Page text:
Why recent measles outbreaks may represent a ‘new normal’

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Back near the start of this century, before the full damage of Andrew Wakefield’s debunked study linking measles vaccine and autism became clear and social networking sites turbo-charged the disruptive power of vaccine opponents, some experts believed the world was ready to rid itself of measles once and for all.

These days, with massive outbreaks in the Philippines and Ukraine, more than 80,000 cases in the past year in Europe, and ongoing epidemics in New York, Washington, Texas, Illinois, and California, measles does not feel like an endangered virus.

There’s less talk about measles eradication in 2019. In fact, projections about the future of measles are much more somber now than they were in the early aughts. More measles, not less, appear to be on the horizon, at least in the near term, experts glumly admit.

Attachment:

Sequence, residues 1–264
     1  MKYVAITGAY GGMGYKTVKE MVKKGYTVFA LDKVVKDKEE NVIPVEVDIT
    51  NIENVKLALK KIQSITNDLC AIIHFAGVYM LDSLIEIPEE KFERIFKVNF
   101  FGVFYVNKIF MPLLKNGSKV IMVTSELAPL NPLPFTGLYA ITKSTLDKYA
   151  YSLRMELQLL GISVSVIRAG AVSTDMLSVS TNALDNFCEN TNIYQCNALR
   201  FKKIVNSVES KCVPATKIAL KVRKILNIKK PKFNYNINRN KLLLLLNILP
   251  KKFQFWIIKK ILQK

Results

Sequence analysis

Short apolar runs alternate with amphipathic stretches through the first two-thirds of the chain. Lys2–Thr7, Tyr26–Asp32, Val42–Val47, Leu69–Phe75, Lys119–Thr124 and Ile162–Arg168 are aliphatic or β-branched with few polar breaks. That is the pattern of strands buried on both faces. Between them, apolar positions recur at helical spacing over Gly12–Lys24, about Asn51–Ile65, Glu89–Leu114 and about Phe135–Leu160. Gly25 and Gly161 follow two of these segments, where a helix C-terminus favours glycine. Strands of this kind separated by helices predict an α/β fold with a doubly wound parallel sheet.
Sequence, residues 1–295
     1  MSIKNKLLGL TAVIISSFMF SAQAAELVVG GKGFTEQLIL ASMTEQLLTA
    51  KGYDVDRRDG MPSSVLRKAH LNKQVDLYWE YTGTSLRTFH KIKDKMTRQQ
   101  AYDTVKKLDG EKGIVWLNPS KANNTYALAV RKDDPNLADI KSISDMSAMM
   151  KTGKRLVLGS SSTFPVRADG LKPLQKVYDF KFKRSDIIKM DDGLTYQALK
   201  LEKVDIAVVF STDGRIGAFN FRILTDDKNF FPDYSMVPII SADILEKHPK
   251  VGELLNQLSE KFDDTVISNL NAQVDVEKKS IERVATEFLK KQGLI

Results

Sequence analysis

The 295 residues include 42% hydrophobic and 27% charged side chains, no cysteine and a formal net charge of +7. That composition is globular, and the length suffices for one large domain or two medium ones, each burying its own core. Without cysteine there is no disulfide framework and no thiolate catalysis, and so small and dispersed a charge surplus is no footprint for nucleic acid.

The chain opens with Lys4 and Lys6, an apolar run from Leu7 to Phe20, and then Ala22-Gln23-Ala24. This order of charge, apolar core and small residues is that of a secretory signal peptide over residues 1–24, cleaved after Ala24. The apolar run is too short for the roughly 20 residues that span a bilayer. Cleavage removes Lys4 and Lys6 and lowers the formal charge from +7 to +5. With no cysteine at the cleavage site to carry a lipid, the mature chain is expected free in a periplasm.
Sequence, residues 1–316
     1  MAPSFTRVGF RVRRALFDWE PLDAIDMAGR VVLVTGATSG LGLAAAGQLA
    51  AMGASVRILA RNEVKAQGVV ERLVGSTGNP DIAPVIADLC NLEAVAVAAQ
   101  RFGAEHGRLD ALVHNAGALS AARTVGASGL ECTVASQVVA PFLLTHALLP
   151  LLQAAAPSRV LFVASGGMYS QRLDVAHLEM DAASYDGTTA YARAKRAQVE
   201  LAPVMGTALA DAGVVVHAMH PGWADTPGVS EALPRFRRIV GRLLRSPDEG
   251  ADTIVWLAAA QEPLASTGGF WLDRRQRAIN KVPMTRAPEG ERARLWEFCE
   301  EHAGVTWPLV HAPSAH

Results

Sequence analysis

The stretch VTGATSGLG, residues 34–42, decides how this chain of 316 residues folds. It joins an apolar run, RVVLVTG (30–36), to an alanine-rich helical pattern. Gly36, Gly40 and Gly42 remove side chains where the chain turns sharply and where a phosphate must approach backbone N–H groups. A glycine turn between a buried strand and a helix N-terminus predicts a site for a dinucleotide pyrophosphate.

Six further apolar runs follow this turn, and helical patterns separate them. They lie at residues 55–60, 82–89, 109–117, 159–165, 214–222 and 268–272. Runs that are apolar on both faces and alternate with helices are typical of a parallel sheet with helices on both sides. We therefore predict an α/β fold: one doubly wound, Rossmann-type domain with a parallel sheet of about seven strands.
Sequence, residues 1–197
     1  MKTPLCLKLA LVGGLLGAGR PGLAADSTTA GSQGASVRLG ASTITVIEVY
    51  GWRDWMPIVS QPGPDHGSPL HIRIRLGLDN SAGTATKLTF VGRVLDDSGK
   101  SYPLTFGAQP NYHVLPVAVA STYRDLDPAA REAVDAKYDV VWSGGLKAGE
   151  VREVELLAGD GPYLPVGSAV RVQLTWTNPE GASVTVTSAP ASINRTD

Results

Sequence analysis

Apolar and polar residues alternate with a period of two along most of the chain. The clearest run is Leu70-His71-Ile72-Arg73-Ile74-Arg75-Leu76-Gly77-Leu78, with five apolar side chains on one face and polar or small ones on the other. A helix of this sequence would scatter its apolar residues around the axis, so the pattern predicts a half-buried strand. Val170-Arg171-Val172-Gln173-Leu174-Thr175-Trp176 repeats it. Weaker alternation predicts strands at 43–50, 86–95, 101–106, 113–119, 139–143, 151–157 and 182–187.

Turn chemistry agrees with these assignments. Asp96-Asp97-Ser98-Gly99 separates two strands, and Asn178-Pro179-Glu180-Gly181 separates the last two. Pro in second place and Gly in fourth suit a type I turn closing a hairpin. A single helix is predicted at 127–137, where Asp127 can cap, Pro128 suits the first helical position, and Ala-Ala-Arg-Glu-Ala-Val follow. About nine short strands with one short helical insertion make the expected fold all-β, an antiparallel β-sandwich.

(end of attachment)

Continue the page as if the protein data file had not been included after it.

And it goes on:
Related article:  23andMe founder Anne Wojcicki: No need for experts to interpret direct-to-consumer breast and ovarian cancer tests

Dr. Nancy Messonnier, director of the CDC’s center for immunization and respiratory diseases, said she believes recent increases in measles cases — after years of very low numbers in the United States — mark a “new normal.”

“In general, nationally, most Americans are vaccinated and it is the pockets of individuals that are unvaccinated,” she said.

Read full, original post: The measles virus was down and out. Now it’s primed for a comeback

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